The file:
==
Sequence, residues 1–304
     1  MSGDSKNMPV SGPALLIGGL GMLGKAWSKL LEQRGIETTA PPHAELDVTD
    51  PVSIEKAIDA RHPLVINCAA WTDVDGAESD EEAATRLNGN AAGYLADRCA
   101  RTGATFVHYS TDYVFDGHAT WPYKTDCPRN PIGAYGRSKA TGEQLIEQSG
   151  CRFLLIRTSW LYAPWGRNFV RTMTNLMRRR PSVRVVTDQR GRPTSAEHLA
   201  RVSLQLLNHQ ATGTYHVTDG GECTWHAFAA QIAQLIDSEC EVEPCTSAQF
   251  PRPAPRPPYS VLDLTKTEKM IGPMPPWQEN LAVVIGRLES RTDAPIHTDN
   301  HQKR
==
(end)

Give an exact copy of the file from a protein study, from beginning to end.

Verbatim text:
Sequence, residues 1–304
     1  MSGDSKNMPV SGPALLIGGL GMLGKAWSKL LEQRGIETTA PPHAELDVTD
    51  PVSIEKAIDA RHPLVINCAA WTDVDGAESD EEAATRLNGN AAGYLADRCA
   101  RTGATFVHYS TDYVFDGHAT WPYKTDCPRN PIGAYGRSKA TGEQLIEQSG
   151  CRFLLIRTSW LYAPWGRNFV RTMTNLMRRR PSVRVVTDQR GRPTSAEHLA
   201  RVSLQLLNHQ ATGTYHVTDG GECTWHAFAA QIAQLIDSEC EVEPCTSAQF
   251  PRPAPRPPYS VLDLTKTEKM IGPMPPWQEN LAVVIGRLES RTDAPIHTDN
   301  HQKR